Course Syllabus: Queer Young Adult Literature

Hello readers! So, I'm finally teaching one of my dream courses, and it's one that I've been anxious to teach for quite some time! Click here to access the syllabus that I've designed for an intermediate seminar that I’m currently teaching at Bowdoin College. The seminar is entitled Queer Young Adult Literature, and it is currently offered under Bowdoin’s … Continue reading Course Syllabus: Queer Young Adult Literature

Tradition, Change, and Kinship in Sherman Alexie’s [The Absolutely True Diary of a Part-Time Indian]

Few young adult novels manage to tackle deep and complex issues with as much heart and nuance as Sherman Alexie's The Absolutely True Diary of a Part-Time Indian (henceforth PTI). Initially, PTI can be approached as an autobiographical coming-of-age (graphic) novel that centers on the growth and development of Arnold Spirit Jr., a fourteen-year-old cartoonist and student … Continue reading Tradition, Change, and Kinship in Sherman Alexie’s [The Absolutely True Diary of a Part-Time Indian]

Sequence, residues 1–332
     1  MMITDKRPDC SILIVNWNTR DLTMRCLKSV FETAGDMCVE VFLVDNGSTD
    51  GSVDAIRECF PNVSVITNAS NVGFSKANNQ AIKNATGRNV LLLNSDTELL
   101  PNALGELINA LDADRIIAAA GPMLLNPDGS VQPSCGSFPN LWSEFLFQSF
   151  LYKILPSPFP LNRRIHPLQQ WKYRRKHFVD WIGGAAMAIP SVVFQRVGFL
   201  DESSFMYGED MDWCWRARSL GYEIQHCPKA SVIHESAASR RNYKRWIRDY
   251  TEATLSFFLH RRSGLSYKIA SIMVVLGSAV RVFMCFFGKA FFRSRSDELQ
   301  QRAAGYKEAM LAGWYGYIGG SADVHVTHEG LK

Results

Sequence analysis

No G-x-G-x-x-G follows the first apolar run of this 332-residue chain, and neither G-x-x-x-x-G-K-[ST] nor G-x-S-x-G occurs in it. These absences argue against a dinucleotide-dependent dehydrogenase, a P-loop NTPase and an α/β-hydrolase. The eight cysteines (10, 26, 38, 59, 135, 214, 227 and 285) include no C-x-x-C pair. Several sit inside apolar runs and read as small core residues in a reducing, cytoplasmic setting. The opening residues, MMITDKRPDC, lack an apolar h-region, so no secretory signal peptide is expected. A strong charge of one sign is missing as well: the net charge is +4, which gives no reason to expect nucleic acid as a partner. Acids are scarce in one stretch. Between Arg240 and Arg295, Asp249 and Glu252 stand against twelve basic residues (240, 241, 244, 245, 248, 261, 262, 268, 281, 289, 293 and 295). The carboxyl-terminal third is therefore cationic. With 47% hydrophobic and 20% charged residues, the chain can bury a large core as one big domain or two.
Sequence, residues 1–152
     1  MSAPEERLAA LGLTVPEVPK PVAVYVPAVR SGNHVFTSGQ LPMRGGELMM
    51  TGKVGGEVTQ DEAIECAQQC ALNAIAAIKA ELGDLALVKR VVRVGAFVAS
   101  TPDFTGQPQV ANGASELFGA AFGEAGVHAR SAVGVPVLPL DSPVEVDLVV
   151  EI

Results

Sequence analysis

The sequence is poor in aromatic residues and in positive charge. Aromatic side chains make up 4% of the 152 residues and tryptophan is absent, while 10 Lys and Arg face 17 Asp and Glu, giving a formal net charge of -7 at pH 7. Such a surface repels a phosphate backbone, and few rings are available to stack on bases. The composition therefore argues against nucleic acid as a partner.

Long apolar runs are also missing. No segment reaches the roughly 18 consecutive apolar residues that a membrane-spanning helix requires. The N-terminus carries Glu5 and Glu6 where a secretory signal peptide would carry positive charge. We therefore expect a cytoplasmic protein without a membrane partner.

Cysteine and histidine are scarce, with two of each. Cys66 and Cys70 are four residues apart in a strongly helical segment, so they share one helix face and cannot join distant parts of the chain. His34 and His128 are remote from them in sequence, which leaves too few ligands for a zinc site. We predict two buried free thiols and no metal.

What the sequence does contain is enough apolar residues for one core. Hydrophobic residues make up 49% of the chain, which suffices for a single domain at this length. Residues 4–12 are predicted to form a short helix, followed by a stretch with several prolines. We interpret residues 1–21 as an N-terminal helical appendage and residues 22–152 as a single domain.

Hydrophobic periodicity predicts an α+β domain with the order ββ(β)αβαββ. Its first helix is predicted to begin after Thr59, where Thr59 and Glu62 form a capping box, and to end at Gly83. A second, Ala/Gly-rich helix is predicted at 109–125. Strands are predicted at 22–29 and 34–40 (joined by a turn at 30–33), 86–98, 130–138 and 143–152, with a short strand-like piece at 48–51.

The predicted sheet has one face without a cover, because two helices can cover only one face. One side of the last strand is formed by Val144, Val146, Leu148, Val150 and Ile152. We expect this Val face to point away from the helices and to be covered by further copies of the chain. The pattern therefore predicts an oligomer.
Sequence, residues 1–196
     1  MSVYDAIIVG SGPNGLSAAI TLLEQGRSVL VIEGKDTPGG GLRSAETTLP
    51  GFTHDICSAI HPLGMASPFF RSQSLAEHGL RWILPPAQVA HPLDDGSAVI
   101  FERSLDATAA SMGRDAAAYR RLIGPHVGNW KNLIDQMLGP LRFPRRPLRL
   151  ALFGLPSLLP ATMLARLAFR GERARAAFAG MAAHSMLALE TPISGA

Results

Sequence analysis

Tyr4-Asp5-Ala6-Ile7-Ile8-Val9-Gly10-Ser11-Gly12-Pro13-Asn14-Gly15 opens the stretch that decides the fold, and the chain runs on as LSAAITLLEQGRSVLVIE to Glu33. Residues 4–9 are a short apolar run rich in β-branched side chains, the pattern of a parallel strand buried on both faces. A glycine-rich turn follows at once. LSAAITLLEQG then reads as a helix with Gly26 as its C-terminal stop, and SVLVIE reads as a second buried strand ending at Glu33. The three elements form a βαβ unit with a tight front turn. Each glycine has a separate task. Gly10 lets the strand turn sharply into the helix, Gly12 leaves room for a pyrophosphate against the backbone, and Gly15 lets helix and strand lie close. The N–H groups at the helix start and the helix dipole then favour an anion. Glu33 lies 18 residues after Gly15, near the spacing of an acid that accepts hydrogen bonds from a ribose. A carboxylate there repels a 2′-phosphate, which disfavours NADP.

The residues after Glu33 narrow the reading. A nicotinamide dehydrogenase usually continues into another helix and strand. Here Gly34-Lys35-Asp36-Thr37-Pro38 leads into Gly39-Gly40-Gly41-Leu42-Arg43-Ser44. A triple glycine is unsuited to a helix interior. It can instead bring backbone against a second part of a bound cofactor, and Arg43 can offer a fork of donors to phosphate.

Brotherhood, Race, and Gender in Martin Wilson’s “What They Always Tell Us”

Young adult novels, generally speaking, tend to be emotionally draining reads. It is not uncommon for teens and young adults to feel angst, loneliness, and depression when trying to transcend into the realm of adulthood (as many of us know when we look back at our teen years, or as we currently experience them). I … Continue reading Brotherhood, Race, and Gender in Martin Wilson’s “What They Always Tell Us”

Revealing the Man beneath the “Negro”

In a previous post, I discussed issues of race in Melville’s Benito Cereno, and this week, I couldn't help but return to the depiction of race in Melville’s works. Now, Melville’s The Confidence-Man was indeed as challenging and perplexing as I thought it would be; after all, most of Melville’s works are characterized for being “devious,” ambiguous, … Continue reading Revealing the Man beneath the “Negro”